Mark Zuckerberg is watching you. Facebook has been getting a lot of negative buzz lately because of its privacy settings and how intrusive they seem. Facebook also added the ability to “Like” things all over the internet, meaning it can see and aggregate all of your likes together and hopefully derive some meaningful insights from them (like the Black Keys? Here’s an Ad!). If this seems a little Orwellian, you’re probably right. Zuckerberg thinks that privacy is dead, that it’s something we no longer really desire. I think there’s a little bit of truth to that.
Think about your life online. You probably have a Facebook, Twitter, and LinkedIn account if you’re my age (or at least one of them). You’ve probably shared most of your public contact information (email, phone number, Skype/AIM name) with something on the internet, and you probably also skipped over the legal mumbo jumbo that tells you how they are able to use it. Anytime you send an email, researchers can scour them for keywords and use that data. Here we are, in the age of rabid transparency.
In this strange new world of transparency, how you interact on the internet will be remembered forever. The pages you view, the comments you make on youtube, the tweets you send out. It just makes me happy that I barely missed the age of putting your baby doing stupid stuff on Youtube (I’ll take 5 sets of eyeballs over 13 Million, thank you very much). These things are all being archived (if they aren’t, somebody is missing an opportunity). Eventually, this archive will be a time capsule, a small look into our lives in the new millennium (BEFORE everyone had hover cars and jetpacks and sentient housemaid robots). But now, it can be used for research and meaningful insights, delivering you targeted advertising based upon your internet habits. What we’re seeing now is a rise in accountability. Your 15 minutes of fame have been extended indefinitely (Andy Warhol would have loved the internet). You can’t burn your online diary, shred your emails, or hide the video tapes Watergate-style. Once it’s on the internet, it’s there for good.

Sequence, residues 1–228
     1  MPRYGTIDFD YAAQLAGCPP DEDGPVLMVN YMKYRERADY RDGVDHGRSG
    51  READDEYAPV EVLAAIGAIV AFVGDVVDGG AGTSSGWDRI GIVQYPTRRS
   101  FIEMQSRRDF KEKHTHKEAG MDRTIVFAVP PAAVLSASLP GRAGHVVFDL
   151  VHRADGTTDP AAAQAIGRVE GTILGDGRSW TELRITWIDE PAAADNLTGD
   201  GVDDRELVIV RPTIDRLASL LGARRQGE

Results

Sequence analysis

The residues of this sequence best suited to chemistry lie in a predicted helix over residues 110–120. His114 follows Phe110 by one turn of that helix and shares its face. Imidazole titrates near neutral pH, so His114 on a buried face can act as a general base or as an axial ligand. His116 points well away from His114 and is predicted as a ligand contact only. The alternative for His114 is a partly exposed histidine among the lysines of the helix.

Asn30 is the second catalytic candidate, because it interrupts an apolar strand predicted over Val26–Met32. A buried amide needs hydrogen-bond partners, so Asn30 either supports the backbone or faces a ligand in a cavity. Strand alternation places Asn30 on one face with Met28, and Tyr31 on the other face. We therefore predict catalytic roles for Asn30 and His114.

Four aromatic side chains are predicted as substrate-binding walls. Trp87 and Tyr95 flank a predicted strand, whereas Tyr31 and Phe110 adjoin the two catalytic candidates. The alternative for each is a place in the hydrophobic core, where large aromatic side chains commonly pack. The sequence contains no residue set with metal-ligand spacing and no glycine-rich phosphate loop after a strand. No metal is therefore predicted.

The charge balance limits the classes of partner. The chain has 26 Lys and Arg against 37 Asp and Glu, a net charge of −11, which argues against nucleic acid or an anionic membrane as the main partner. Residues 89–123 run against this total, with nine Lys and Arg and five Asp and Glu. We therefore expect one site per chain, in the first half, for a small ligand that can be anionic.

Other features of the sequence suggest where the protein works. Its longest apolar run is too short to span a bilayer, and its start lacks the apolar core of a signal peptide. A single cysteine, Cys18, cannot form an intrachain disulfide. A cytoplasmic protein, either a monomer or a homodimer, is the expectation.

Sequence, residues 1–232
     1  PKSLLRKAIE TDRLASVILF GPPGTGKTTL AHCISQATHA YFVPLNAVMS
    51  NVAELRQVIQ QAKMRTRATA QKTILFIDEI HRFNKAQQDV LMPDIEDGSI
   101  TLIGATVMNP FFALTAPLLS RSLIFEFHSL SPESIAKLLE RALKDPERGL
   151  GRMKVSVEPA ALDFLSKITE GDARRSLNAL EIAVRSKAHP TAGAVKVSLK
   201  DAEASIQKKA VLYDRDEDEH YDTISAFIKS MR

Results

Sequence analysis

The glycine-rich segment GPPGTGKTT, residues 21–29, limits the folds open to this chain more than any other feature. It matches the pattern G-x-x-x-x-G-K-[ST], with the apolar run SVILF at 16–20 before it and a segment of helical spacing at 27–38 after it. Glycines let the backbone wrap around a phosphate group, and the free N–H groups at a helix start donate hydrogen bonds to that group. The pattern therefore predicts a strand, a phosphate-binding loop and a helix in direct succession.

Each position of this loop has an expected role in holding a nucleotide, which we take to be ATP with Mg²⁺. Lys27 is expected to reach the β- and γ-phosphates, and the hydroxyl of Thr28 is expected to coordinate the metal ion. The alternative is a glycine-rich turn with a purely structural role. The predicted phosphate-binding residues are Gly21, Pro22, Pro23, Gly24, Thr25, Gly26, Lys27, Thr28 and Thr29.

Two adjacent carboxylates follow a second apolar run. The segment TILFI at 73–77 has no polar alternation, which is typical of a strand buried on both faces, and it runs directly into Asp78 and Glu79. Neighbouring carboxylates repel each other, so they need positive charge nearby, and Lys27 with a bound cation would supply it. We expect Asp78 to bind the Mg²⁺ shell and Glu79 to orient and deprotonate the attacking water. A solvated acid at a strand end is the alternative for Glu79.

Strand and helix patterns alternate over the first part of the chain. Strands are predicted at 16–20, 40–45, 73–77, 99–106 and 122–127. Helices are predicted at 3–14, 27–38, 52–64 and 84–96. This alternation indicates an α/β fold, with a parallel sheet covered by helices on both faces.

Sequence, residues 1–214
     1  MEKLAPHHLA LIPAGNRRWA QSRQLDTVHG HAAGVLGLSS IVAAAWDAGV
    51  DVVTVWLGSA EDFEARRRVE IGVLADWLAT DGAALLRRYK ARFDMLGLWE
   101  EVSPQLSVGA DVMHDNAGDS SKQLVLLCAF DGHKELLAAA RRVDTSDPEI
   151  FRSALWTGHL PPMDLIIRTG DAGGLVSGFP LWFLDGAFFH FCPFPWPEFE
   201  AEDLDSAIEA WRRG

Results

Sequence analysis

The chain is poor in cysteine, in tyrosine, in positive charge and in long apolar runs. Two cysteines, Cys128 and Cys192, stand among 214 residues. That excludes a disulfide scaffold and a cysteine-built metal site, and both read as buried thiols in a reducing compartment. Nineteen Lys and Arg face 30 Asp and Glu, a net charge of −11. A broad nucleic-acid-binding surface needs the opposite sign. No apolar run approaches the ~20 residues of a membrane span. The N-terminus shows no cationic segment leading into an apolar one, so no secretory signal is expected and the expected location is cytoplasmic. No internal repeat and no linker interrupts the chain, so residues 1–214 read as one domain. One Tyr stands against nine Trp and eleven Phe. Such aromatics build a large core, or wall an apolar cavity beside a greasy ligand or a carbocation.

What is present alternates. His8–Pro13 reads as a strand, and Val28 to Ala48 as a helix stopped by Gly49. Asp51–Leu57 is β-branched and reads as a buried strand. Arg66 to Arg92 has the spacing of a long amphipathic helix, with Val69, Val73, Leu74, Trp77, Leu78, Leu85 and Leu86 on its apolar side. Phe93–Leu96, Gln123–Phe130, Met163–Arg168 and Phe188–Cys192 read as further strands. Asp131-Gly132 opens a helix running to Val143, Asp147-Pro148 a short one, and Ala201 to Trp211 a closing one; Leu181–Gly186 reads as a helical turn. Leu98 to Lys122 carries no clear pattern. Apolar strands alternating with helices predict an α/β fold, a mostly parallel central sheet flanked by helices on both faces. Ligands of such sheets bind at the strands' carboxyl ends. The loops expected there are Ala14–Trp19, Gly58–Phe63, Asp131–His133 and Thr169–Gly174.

So, what do you do to hide from Big Brother Facebook? You could just avoid the internet completely (Brother Jebediah), but that doesn’t seem realistic these days. The key to surviving this new world is to manage your online presence. Make sure that nothing too inflammatory comes out of your keyboard, keep the dirty pictures out, and watch where you visit. Make sure everything you do online is really just an extension of who you are. If everyone’s watching, at least wave your flag.
All this being said, I think this transparency is a good thing; it makes us look more human when some of our failures are up on the internet. It’s also nice to know that most of the time when you’re giving out information, you’re not really your name. You’re just an 18-34 year old male from Wisconsin. None of the personal information is collected; your likes, dislikes, and visits are aggregated to form a larger data set. This data is then used to figure out what advertisements to send you, which isn’t necessarily a bad thing. It’s just an internet experience catered to you. So, the key to surviving the brave new world of internet transparency is the same advice your mother has been telling you all of your life: be yourself.